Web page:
As part of its investigation, the government has reviewed financial information for TelexFree which TelexFree provided to the MSD and other state regulatory agencies. The government found several inconsistencies among these submissions, including substantial differences in profit and loss statements. The government has also made an effort to determine the volume of sales of the VOIP product, and has reviewed bank account, credit card merchant, and other third party records as part of this effort. The government found that the vast majority of deposits to TelexFree accounts were buy-in fees from TelexFree promoters. Based on its investigation thus far, the government estimates only about 1% of the hundreds of millions of dollars in revenue TelexFree accumulated over its two years in operation came from revenue sales of the VOIP service, with the rest coming from investment by new promoters. With such an unsustainable structure, TelexFree could not meet its payment obligations to existing promoters without equally large infusions of cash from new promoters. However, Agent Paul Melican, one of the leading HSI agents in this case, testified that the government has not yet been able to determine how much additional revenue came from sales of the VOIP product where retail customers paid recruiters directly, that is, not through banks or credit cards.

TelexFree held conferences to promote the company. It held one such conference in Boston, Massachusetts on March 9, 2014. Members of HSI, some undercover, attended. During this and other conferences, and YouTube video appearances, Merrill, Wanzeler and the other speakers gave the impression that the VOIP product was groundbreaking, selling well, and that those sales were the primary mission of the company. None of the speakers mentioned that the majority of revenue came from new promoters rather than actual product sales. Merrill and Wanzeler traveled to TelexFree events in other countries as well, including events in Brazil, Spain, and the Dominican Republic. Agent Melican, who reviewed videos of some of these conferences and spoke with HSI undercover agents who were present at conferences in Boston and Orlando, Florida, testified that Merrill was greeted with wild cheering from thousands of people. Hundreds of letters in support of Merrill and Wanzeler were submitted by promoters in connection with a civil enforcement action against TelexFree.

An analysis of financial records shows that by the end of 2013, Merrill had transferred over $3, 000, 000 from TelexFree accounts to his personal accounts, and that by that point Wanzeler had received over $7, 000, 000, including a transfer of $3, 500, 000 in December 2013. The $3, 000, 000 that Merrill received in December 2013 has been frozen by the government. Agent Melican testified that he did not believe the $3, 500, 000 Wanzeler received has been frozen. During its investigation, the government identified dozens of bank accounts belonging or related to TelexFree both in the United States and overseas. The United States government executed seizure warrants for 37 accounts related to TelexFree on April 25, 2014. They have identified and frozen a TelexFree account in the United Kingdom which contains roughly $30, 000, 000. The government has also identified TelexFree accounts in Singapore, St. Vincent, Grenadine, and the Caymans, but does not know how much money is in these accounts and has not frozen these accounts. Agent Melican conceded at the evidentiary hearing held before this court that he does not know with certainty of any international accounts that Merrill has access to, only that TelexFree has international accounts containing unknown sums of money. He testified that the government does not know if Merrill is a signatory to these overseas accounts. Merrill has provided this Court with an affidavit submitted by Stuart MacMillan, who had been hired by TelexFree to serve as interim CEO in December 2013, asserting that Merrill no longer has access to TelexFree facilities or signatory authority over any TelexFree accounts.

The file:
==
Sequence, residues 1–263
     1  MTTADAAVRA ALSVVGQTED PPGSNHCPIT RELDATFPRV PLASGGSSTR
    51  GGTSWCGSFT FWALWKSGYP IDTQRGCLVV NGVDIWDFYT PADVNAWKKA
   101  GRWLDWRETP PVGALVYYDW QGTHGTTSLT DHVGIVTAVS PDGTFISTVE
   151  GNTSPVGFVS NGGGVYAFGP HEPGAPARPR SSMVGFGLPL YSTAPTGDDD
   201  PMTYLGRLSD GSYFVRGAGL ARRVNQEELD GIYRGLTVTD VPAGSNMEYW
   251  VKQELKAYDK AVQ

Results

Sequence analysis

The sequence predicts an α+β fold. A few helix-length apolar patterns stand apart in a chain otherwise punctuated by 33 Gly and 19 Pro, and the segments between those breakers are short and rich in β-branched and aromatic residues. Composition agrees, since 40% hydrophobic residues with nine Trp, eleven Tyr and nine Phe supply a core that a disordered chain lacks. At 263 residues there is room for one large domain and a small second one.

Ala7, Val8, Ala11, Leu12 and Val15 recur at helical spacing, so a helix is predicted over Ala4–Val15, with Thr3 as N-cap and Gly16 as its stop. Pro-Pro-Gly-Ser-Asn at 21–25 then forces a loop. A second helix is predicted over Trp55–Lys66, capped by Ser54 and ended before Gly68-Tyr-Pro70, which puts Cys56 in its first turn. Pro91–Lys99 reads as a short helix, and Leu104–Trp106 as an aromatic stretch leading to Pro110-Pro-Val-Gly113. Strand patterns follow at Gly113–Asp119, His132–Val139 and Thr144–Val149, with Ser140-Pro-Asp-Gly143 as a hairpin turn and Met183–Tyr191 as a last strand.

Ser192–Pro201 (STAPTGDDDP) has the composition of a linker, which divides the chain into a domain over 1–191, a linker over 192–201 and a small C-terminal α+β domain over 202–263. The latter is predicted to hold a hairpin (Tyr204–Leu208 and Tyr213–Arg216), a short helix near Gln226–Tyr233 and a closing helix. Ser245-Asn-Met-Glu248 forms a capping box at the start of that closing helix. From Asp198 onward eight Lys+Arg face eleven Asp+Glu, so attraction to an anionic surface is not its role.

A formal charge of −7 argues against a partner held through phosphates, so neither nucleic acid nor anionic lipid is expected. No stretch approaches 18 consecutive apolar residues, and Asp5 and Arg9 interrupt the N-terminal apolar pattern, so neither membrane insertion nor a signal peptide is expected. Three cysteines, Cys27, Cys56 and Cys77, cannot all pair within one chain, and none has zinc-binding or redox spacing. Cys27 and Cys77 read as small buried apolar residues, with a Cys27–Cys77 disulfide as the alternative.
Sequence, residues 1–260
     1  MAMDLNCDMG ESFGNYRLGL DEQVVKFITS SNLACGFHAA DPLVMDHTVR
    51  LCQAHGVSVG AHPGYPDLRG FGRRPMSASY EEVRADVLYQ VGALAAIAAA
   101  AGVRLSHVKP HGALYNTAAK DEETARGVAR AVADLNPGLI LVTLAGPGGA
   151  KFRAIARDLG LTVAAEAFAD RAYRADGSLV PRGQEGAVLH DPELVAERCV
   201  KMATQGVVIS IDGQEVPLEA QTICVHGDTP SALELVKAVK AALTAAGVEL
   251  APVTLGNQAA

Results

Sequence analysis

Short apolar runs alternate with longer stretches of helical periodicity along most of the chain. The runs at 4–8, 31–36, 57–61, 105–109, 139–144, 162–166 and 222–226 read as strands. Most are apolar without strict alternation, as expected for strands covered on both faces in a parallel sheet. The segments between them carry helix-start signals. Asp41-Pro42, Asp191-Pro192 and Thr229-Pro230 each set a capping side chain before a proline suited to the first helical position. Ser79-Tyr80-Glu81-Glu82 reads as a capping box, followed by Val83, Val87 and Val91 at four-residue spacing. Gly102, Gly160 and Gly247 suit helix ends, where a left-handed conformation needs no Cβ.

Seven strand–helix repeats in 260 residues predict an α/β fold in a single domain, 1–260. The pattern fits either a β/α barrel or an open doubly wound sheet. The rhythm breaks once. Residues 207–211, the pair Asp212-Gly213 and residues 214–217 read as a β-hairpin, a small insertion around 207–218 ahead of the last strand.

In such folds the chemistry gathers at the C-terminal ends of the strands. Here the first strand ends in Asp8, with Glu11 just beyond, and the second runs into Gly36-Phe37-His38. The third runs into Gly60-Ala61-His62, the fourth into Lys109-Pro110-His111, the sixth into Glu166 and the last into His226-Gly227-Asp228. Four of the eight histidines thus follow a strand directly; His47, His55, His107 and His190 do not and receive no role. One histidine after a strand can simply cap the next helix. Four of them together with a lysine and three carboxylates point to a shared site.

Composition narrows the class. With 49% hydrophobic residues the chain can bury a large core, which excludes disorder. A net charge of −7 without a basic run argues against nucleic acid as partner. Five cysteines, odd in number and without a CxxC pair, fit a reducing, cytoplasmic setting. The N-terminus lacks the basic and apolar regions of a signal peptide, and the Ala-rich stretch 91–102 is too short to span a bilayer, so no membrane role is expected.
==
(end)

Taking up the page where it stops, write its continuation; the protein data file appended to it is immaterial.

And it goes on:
On April 15, 2014, the date the search warrants were executed at the TelexFree company office, Wanzeler fled the United States, driving by car into Canada. Phone records show three phone calls between Merrill and Wanzeler on that date, one of which connected. Two days later, he flew from Canada to Brazil. Wanzeler, who is not a United States citizen, is currently in Brazil. Merrill and Wanzeler have known each other for over twenty years; it was Merrill who supported Wanzeler's application for his green card. In May 2014, the government detained Wanzeler's wife as a material witness when it learned she was attempting to leave the United States on a one-way ticket to Brazil purchased in Brazil. Agent Melican could not point to any behavior by Merrill that suggested he was considering trying or had attempted to flee at any point.

The Applicable Standards

"In reviewing the magistrate judge's detention orders, the court must undertake an independent review, giving her decision such deference as the care and consideration manifested by the magistrate judge warrant." United States v. Simone, 317 F.Supp.2d 38, 42 (D. Mass. 2004) (internal citations omitted). In this case, that deference to Magistrate Judge Hennessey's thoughtful and well reasoned decision is limited because additional evidence was presented to the Court during its own evidentiary hearing by Merrill's new defense counsel. I also note that the original detention hearing was abbreviated with then defense counsel choosing to seriously restrict her cross examination of the government witness.

When asserting the risk of flight as a basis for detention under, "the government must prove by a preponderance of the evidence that no combination of conditions will reasonably assure each defendant's appearance at future court proceedings." United States v. Digiacomo, 746 F.Supp. 1176, 1180-81 (D. Mass. 1990) (citing United States v. Vortis, 785 F.2d 327, 328-29 (D.C.Cir. 1986), cert. denied, 479 U.S. 841 , 107 S.Ct. 148, 93 L.Ed.2d 89 (1986)). The Court may then detain a person pending trial only if it determines that "no condition or combination of conditions [set forth under 18 U.S.C. § 3142 (b) or (c)] will reasonably assure the appearance of the person as required and the safety of any other person and the community." 18 U.S.C. § 3142(e).

In making the determination as to whether "any condition or combination of conditions will reasonably assure the appearance of the [defendant] as required and the safety of any other person and of the community, " the Court must consider the following factors:

(1) the nature and circumstances of the offense charged, including whether the offense is a crime of ...